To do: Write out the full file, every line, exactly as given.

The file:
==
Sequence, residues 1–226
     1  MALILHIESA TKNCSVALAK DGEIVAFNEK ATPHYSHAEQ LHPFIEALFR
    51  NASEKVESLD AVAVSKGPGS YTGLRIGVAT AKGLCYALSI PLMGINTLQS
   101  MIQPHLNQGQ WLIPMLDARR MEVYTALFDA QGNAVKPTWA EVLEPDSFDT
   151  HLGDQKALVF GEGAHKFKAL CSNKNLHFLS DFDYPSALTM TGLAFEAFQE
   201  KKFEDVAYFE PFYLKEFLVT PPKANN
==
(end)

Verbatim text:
Sequence, residues 1–226
     1  MALILHIESA TKNCSVALAK DGEIVAFNEK ATPHYSHAEQ LHPFIEALFR
    51  NASEKVESLD AVAVSKGPGS YTGLRIGVAT AKGLCYALSI PLMGINTLQS
   101  MIQPHLNQGQ WLIPMLDARR MEVYTALFDA QGNAVKPTWA EVLEPDSFDT
   151  HLGDQKALVF GEGAHKFKAL CSNKNLHFLS DFDYPSALTM TGLAFEAFQE
   201  KKFEDVAYFE PFYLKEFLVT PPKANN